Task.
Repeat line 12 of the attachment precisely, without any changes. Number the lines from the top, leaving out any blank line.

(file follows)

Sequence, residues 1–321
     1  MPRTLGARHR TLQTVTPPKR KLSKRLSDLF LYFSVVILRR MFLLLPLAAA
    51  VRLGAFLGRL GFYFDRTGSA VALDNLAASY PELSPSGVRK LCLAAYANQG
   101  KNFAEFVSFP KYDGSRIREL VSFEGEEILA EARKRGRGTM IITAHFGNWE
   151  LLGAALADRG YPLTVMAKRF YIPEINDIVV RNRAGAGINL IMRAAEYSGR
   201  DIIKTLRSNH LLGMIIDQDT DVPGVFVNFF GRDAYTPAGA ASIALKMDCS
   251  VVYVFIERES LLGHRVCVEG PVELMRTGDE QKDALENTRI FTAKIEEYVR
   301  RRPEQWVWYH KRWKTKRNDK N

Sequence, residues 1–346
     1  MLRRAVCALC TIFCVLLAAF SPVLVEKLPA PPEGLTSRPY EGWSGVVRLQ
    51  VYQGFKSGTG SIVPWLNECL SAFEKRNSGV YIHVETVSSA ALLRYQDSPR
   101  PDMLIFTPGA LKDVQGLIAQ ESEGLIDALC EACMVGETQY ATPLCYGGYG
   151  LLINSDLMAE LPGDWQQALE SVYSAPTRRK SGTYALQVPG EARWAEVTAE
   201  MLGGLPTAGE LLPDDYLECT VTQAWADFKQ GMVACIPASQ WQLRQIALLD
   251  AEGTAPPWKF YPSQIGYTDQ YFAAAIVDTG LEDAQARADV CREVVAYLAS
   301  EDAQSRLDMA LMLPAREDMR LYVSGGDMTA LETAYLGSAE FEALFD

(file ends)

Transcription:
   101  PDMLIFTPGA LKDVQGLIAQ ESEGLIDALC EACMVGETQY ATPLCYGGYG